The meniscus fibrocartilage in the knee plays an essential role in load distribution, congruency, and joint stability, and is therefore necessary for proper joint biomechanics. Meniscus tears are the most frequent type of knee injury in active younger adults. Successful repair of tears decreases the development of osteoarthritis and subsequent need for joint replacement. Synthetic scaffolds have been developed to address segmental tissue defects; however, midterm outcomes have shown high failure rates and progression of chondral wear. The ultimate goal of this research is to develop a novel, long-lasting treatment for meniscus tears that shifts the treatment paradigm from one of removal of tissue to one of regeneration and preservation of function. In this application, our objective is to adopt a computationally assisted bioengineering approach to repair meniscal defects. We hypothesize that a scaffold closely mimicking structure, composition, biomechanics, transport, and electrokinetics of the healthy native tissue will integrate into the meniscus and will regenerate meniscal tissue at the defect. While some biomechanical properties of the meniscus have been investigated, little is known about meniscal transport and elektrokinetic properties, which are key determinants of cellular behavior and related tissue homeostasis. Using our expertise in electromechanics, transport and computational modeling of cartilaginous tissues, we will develop a novel library of design criteria, based on human meniscus properties (Aim 1). This will allow us to provide new structure-function relations for tissue properties in relation to biochemical composition and structural organization of the tissue. Based on this new knowledge, we will develop a new computational tool to evaluate the mechano-electrochemical environment (MEC) in meniscus tissues (Aim 2). Then, we will simulate the presence of meniscal defects repaired with tissue engineered scaffolds. We will investigate the effect of structural and compositional properties of the scaffold on MEC signals in order to identify optimal ranges of such parameters to recapitulate electromechanics and functional behavior of the native meniscal tissue. This will allow us to formulate initial design criteria for our novel scaffold, which will be further refined via an iterative process; at each iteration, (1) MEC properties of the scaffold will be measured and compared to those of the native tissue and, if necessary, (2) the design parameters of the scaffold will be tuned/improved as per indications of the computational model (Aim 3). Finally, we will seed meniscus fibrochondrocytes in the scaffold and integrate it into a meniscus defect using an ex vivo defect model. The scaffold?s biomechanical properties, cellular activity/viability post-culture and integration into a meniscus defect will be assessed and compared to those of a commercially available synthetic scaffold for meniscus repair. We present an innovative approach for bioengineering scaffolds for meniscus repair. Our rationally designed scaffold will provide an ideal environment for meniscus cells, which will translate to successful integration and regeneration of meniscus tissue at the defect, giving this project high potential for clinical translation.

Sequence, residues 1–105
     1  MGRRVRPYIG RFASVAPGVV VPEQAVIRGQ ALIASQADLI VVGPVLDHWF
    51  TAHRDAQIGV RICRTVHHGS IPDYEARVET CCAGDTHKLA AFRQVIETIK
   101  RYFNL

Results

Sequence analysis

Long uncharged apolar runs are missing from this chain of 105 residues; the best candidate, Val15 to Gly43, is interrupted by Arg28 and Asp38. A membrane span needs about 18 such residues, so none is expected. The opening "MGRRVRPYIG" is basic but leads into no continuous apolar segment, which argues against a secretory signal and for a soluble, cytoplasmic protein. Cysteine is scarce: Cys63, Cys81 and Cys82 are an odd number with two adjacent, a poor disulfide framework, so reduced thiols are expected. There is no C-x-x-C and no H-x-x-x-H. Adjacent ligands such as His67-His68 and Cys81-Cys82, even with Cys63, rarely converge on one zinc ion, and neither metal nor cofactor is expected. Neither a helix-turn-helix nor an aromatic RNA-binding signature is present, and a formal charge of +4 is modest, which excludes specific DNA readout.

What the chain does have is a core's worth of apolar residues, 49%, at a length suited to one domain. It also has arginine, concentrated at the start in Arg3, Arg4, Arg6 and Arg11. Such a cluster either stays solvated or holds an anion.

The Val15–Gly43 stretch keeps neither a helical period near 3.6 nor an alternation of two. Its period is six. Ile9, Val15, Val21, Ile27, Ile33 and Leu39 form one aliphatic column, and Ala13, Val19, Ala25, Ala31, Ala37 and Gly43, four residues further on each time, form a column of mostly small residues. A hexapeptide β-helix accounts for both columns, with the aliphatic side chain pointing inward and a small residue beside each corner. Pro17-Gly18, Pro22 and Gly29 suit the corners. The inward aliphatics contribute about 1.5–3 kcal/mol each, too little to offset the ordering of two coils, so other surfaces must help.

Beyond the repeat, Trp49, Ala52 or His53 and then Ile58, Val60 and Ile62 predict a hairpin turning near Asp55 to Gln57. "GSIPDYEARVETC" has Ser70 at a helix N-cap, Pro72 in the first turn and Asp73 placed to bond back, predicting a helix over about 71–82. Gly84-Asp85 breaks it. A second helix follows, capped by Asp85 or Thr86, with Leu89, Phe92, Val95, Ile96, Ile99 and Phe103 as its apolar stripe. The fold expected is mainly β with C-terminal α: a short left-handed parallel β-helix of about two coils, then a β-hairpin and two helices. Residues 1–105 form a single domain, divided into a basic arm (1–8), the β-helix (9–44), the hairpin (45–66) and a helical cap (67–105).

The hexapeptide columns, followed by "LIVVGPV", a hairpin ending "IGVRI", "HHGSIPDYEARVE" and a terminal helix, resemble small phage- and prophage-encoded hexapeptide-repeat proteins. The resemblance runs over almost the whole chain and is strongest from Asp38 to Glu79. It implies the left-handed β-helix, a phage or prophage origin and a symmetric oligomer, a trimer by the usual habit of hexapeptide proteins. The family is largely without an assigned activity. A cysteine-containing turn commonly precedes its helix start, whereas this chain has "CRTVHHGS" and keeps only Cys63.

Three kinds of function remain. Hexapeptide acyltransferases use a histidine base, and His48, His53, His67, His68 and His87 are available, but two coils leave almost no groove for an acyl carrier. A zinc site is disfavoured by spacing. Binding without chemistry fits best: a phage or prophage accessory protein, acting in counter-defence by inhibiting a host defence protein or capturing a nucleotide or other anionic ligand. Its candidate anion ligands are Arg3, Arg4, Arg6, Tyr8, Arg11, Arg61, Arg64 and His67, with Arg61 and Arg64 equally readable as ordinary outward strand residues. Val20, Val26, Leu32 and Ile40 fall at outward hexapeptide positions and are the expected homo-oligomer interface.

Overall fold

The objective of this research is to develop a novel, long-lasting treatment for meniscus defect repair based on a tissue engineering approach. Using a computer aided technique combined with a bottom-up approach, we will first characterize human meniscus biomechanical, transport and electrokinetic properties, and then feed this information into a newly developed computational biomechanics model of meniscus to design a tissue engineered scaffold which closely recapitulates structure and function of the native tissue. Our new scaffold, rationally designed based on human tissue, will provide an ideal environment for meniscus cells, which will translate to successful integration and regeneration of meniscus tissue for defect repair.